People who are clinically immunosuppressed should not have this vaccine because the vaccine strain could replicate too much and cause a serious infection. This includes babies whose mothers have had immunosuppressive treatment while they were pregnant or breastfeeding. For more information see the MHRA's Drug Safety Update (April 2016).
The chickenpox vaccine is not recommended for pregnant women as a matter of caution. However, studies have not shown any link between the weakened virus in the vaccine and any specific problems in babies born to women who received a chickenpox vaccine while they were pregnant. These have not shown any link between the weakened virus in the vaccine and any specific problems in babies born to these women. See this Public Health England statement for more information.
Studies have shown that the vaccine virus does not get passed to the baby through breast milk, so it is safe for breast-feeding women to be vaccinated (see the Green Book chapter on Varicella, page 438).
Why the chickenpox vaccine is not offered routinely in the UK
The Joint Committee on Vaccination and Immunisation (JCVI), which advises the UK Government, has so far advised that it would not be cost effective to introduce the chickenpox vaccine or the MMRV vaccine into the routine UK schedule. As long as most children received the vaccine it would be very effective in reducing cases of severe chickenpox disease, but it is thought that cases of shingles in older people would increase.
Shingles is very expensive for the NHS to treat. It is believed that many adults in the UK get their immunity to chickenpox boosted by coming into contact with children who have the disease. Several studies have shown that this may make adults less likely to develop shingles as they get older.
If a chickenpox vaccine was introduced but not taken up by many people, there might be more adults who did not receive the vaccine or have “wild” chickenpox in childhood. They would then be at an increased risk of severe chickenpox infection as adults.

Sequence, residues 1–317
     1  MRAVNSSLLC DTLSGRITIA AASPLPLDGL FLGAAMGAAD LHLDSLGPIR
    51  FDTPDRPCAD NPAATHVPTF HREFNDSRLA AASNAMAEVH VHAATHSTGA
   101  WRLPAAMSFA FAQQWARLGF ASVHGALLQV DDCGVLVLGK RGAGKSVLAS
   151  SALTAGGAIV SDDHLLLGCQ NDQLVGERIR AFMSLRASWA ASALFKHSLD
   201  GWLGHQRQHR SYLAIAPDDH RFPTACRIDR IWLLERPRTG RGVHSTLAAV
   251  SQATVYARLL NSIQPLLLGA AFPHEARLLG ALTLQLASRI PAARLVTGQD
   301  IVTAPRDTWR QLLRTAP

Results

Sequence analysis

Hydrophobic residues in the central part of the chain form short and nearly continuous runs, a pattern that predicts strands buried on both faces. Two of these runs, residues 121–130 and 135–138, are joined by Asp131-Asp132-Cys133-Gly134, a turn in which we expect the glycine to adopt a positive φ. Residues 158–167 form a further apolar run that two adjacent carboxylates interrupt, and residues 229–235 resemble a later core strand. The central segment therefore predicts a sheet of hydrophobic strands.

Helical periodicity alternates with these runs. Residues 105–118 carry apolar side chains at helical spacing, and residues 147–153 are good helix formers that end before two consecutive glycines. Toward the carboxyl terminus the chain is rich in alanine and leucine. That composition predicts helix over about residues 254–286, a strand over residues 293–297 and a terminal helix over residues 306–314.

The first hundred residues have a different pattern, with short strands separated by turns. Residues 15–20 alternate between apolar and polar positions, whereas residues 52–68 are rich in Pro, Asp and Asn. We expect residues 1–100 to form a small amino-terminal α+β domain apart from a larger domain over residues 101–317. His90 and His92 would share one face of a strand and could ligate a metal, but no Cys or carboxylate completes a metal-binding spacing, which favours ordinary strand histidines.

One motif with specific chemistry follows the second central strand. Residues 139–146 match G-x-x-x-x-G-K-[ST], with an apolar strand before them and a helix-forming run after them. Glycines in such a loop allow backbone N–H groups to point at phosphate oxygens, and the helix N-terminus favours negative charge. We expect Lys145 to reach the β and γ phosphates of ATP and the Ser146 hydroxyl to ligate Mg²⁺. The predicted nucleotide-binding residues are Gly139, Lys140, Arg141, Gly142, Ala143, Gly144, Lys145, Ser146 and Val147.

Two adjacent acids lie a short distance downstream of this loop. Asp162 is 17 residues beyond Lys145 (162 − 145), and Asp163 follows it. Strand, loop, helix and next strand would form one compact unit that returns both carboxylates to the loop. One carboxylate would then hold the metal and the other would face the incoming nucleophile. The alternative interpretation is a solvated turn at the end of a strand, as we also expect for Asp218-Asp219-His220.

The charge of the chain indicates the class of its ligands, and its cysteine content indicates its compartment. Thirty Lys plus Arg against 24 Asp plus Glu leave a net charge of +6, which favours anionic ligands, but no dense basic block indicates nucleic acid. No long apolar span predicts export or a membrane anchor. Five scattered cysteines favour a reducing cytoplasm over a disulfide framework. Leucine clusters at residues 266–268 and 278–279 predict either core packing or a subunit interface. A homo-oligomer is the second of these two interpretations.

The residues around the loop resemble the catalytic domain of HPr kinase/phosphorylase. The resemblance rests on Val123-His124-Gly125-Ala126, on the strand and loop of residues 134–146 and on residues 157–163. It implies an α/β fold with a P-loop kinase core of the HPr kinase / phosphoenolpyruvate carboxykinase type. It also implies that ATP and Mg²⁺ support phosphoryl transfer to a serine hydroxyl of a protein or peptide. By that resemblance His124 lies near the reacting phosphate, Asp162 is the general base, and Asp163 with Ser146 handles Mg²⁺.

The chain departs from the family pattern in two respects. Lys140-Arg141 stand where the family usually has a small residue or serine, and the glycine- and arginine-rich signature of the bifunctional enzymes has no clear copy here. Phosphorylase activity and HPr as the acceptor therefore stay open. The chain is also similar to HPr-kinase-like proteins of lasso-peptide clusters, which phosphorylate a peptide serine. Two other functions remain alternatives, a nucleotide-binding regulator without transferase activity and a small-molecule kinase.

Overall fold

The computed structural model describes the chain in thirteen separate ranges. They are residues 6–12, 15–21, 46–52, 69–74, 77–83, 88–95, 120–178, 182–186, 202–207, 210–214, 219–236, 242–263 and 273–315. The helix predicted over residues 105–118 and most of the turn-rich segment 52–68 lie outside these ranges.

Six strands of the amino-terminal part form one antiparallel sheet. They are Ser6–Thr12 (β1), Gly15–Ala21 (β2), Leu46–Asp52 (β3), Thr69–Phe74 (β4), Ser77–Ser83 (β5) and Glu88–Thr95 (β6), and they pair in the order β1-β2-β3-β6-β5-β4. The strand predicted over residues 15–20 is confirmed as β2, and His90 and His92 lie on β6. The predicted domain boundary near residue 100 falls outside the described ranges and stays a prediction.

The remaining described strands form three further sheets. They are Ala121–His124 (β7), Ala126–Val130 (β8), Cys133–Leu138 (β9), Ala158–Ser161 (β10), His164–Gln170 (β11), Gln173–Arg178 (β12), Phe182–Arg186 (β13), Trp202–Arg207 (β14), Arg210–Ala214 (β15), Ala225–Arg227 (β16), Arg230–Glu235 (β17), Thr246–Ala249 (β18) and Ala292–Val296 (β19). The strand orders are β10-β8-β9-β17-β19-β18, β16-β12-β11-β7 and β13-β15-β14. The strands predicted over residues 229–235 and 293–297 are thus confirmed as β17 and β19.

However, the JCVI is currently reviewing data from other countries where the vaccine has been in routine use over the past decade or two. It will use this to see what impact the chickenpox or MMRV vaccine is having on chickenpox and on shingles, and then advise the Government on whether there should be any change to the current advice on chickenpox vaccine. For more information see the JCVI minutes from October 2009.
Information about other treatments
A treatment called human varicella zoster immunoglobulin (VZIG) is given to people in risk groups who have been exposed to chickenpox. Immunoglobulins are special concentrated antibody preparations which provide immediate short-term protection against disease. VZIG can help to reduce the severity of chickenpox symptoms for some people in risk groups.
Chickenpox vaccine outside of the UK
The chickenpox vaccine currently available in the UK is a single vaccine. However, several countries use a vaccine that combines the measles, mumps and rubella (MMR) vaccine with a chickenpox (varicella) vaccine, called the MMRV vaccine.
For children aged two and younger, studies have shown that more of them develop fever after the MMRV vaccine, compared with giving the MMR vaccine and the chickenpox vaccine separately on the same day. In particular there is an increased risk of febrile convulsions (fits). These occur 7-10 days after MMRV vaccination.